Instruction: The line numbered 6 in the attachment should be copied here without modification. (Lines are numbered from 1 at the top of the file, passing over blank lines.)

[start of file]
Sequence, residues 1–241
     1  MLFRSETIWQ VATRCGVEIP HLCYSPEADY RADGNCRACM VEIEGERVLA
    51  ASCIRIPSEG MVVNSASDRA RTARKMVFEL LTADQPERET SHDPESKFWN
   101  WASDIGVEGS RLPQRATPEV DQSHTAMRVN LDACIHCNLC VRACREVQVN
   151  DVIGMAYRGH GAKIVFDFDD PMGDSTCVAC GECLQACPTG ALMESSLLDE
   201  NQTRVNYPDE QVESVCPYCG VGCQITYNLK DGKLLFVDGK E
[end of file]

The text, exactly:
   201  NQTRVNYPDE QVESVCPYCG VGCQITYNLK DGKLLFVDGK E